CLOE TERARE Isn't Holding Back: The Aussie Artist Set To Break Out In 2022

27 January 2022 | 1:40 pm | Cyclone Wehner

"I wanted it to be about empowerment and confidence."


Queensland rising star CLOE TERARE is already an enigma. The First Nations singer-songwriter makes emotive R&B electro pop. But then she veers into country and even metal. Terare might be the missing link between Mallrat and Liyah Knight. Either way, 2022 should be her year.

Speaking on Zoom from a spacious kitchen area, Terare is warm, witty and chatty, being so at ease with interviews that she could guest on a talk show and instantly charm the audience. Intriguingly, as much as the Unearthed Feature Artist loves – and lives for – music, she's also an avid gamer. What's not to dig?

Today Terare resides in the regional hub of Toowoomba, known as The Garden City, with her partner, a heavy metal guitarist. However, she was raised in outer-suburban Brisbane, later moving closer to the CBD. "I was like, 'Oh, I do not like the city,'", Terare says. "When I met my boyfriend, he took me to Toowoomba because he grew up here. I was like, 'Yep, this is where I've gotta be.' I just missed the space." That was three years ago.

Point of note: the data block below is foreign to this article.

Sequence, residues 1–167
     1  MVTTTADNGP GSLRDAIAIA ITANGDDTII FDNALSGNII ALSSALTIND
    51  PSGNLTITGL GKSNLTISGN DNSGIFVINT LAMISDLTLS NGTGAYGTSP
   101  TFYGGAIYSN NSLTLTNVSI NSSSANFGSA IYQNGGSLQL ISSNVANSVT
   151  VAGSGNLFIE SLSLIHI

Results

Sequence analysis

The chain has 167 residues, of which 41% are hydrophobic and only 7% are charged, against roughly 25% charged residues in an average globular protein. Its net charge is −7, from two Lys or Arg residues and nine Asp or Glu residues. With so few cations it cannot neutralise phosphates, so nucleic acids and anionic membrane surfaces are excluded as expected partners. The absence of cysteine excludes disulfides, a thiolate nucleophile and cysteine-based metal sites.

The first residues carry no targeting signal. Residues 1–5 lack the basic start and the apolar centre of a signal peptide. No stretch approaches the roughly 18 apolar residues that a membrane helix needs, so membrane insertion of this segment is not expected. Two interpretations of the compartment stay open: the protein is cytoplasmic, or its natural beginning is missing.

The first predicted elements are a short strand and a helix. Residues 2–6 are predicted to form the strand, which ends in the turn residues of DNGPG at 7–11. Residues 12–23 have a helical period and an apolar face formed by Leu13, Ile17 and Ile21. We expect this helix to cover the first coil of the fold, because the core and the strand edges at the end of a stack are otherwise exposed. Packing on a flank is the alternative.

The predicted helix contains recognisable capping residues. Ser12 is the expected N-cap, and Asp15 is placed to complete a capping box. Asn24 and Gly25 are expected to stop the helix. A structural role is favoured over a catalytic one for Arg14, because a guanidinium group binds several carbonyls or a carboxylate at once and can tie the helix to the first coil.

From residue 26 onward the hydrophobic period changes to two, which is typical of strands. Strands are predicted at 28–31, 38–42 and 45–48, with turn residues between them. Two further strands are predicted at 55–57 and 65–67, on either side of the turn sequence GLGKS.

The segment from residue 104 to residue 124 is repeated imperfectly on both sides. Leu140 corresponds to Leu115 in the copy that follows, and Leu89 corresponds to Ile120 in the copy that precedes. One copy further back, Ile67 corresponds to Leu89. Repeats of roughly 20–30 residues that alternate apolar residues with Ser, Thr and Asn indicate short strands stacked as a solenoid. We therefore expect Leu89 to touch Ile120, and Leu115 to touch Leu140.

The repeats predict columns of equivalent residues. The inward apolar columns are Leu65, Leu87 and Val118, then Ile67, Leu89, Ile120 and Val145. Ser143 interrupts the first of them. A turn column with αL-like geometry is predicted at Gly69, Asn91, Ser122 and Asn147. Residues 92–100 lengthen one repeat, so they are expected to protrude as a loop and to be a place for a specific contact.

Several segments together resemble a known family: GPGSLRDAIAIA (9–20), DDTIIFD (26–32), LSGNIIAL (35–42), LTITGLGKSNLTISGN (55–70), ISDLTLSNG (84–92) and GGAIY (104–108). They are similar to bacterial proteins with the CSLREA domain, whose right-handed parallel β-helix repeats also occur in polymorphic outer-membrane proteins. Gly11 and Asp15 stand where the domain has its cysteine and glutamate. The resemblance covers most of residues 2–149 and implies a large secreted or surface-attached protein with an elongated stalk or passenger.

Hailing from a musical family, her grandfather the local country legend Garth Terare, Cloe developed a precocious interest in songwriting. "I've been writing forever – like since Grade Three," she recalls. "I had my little journal and I would write and I'd do my little poems… I'd make my little sisters listen to it; we'd have little concerts. But I officially started writing and recording songs at the start of high school or Grade Seven – I did it with my granddad, and he was in the music industry. He was my manager back then. Unfortunately, he passed away when I was in Grade Nine – and I just completely stopped. I couldn't do it anymore. Then in 2019, I thought, I'm gonna do it – and I'm gonna do it in honour of him. So I made my last name in the project 'Terare', which is his last name, just to kind of take him with me." 

Terare premiered in 2019 with the subliminal single Take Me Home, about exiting toxic relationships. Yet Terare's career gained momentum when she attended a QMusic songwriting retreat – penning the prize-winning Easy with the Gold Coast's DVNA (and meeting her current manager).